Flexibility is the ability to adapt to changing circumstances. As a fraud specialist, you may have to switch between tasks while doing your job. Flexibility helps you focus on getting the job done and meeting deadlines. It also allows you to adapt to new challenges in the workplace and maintain a positive attitude in the face of obstacles.

  • Risk management

Risk management is the ability to identify and minimize risks. As a fraud specialist, you may need to assess the potential financial losses due to fraudulent activity. It involves identifying vulnerabilities in an organization’s security protocols or procedures and developing solutions to mitigate these risks. You can also use risk management when creating policies and procedures, assessing the likelihood of certain outcomes, and determining the best strategy to use to mitigate them.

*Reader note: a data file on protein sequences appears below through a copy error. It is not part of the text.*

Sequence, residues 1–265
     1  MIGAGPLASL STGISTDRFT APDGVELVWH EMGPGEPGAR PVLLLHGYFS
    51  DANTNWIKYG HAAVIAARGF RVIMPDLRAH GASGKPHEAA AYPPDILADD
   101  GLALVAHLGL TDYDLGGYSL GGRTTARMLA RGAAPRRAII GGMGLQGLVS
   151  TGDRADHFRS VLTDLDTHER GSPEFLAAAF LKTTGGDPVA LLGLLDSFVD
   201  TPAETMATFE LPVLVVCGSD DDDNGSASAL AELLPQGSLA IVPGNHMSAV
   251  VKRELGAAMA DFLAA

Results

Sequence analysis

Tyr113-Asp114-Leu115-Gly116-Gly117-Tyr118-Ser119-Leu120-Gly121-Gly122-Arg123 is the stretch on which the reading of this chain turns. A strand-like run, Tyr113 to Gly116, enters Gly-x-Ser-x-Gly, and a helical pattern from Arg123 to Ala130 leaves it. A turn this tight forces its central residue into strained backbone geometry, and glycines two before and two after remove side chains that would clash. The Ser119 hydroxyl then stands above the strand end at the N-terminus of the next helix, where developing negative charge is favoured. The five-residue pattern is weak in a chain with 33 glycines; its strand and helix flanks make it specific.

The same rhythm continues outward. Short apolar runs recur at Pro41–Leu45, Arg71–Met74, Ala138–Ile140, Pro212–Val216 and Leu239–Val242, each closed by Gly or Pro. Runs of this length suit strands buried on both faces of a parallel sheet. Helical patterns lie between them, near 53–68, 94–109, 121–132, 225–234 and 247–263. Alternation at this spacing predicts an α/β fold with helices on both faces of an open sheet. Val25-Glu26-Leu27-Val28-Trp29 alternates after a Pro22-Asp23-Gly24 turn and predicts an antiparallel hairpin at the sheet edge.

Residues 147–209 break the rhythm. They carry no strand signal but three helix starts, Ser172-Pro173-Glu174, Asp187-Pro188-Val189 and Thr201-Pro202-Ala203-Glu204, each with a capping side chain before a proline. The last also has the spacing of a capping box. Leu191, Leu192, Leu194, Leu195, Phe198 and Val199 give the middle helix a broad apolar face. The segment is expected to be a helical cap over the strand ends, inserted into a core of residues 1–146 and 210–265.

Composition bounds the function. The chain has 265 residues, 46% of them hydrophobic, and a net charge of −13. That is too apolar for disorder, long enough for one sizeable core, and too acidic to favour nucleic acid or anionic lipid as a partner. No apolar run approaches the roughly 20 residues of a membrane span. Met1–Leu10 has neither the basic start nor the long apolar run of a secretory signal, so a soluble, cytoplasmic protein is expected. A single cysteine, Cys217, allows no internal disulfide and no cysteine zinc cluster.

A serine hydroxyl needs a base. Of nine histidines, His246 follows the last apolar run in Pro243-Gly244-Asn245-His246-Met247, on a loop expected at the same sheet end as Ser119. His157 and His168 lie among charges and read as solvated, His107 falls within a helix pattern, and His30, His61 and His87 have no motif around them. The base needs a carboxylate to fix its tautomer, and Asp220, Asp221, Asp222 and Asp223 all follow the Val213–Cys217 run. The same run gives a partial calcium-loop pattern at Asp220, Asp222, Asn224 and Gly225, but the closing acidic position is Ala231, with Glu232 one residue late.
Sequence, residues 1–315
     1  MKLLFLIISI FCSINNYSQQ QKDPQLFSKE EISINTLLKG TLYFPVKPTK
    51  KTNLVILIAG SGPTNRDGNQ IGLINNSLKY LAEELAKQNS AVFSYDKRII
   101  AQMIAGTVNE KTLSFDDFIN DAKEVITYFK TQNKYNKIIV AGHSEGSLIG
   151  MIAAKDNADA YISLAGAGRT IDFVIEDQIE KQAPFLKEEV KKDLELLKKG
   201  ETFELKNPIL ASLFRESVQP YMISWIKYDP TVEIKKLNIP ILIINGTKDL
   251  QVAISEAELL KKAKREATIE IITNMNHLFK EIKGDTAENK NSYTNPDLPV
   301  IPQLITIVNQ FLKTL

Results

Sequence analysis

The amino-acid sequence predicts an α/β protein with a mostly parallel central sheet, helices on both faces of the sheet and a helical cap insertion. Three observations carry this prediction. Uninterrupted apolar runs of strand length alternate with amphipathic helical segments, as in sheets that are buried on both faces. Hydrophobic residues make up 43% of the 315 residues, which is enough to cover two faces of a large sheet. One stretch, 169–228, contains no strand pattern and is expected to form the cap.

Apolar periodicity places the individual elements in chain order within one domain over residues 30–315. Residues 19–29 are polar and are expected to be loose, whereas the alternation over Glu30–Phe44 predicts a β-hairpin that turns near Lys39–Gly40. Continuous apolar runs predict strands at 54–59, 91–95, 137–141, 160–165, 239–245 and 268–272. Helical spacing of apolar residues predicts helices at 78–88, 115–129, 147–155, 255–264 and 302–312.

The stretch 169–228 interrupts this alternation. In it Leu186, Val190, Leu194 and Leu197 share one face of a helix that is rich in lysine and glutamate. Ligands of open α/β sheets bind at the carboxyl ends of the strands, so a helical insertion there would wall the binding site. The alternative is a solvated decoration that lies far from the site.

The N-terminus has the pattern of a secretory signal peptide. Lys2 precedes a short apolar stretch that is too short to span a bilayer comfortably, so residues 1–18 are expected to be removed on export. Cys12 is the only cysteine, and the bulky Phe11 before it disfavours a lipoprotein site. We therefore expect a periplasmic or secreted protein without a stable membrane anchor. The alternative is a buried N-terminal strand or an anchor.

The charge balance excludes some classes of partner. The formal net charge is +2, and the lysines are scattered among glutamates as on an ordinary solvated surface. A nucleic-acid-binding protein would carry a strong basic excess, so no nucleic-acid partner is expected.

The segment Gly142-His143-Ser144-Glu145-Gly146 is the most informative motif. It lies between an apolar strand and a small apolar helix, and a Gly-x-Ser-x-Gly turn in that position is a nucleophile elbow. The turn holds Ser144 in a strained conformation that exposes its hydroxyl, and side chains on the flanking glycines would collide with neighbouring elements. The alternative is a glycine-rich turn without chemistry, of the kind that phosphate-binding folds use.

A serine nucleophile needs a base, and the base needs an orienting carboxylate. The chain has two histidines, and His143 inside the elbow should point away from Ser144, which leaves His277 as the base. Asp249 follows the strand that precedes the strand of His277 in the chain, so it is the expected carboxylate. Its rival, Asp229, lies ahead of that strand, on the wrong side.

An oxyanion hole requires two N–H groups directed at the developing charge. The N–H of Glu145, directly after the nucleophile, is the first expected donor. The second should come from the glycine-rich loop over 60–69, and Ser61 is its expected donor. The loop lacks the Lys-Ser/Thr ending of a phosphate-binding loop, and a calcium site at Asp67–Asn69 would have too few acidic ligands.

• Financial analysis

Financial analysis is the ability to interpret financial data and make informed decisions based on that information. As a fraud specialist, you may need to analyze company records to determine if there are irregularities in the use of funds or if some employees are being paid more than others for similar work. This skill can help you identify potential fraudulent activities within the organization.


How to Become a Fraud Specialist

  1. Get educated

The minimum education requirement for most entry-level fraud specialists is a high school diploma or its equivalent. However, some employers may require a bachelor’s or associate’s degree in accounting, criminal justice, business administration, fraud management, or economic crime. Each industry in which fraud specialists work may have specific requirements. By taking forensic accounting and criminal justice courses, you will learn the basics of accounting investigations, litigation support, fraud data analysis, contemporary political philosophy, social issues, public policy, and computer research.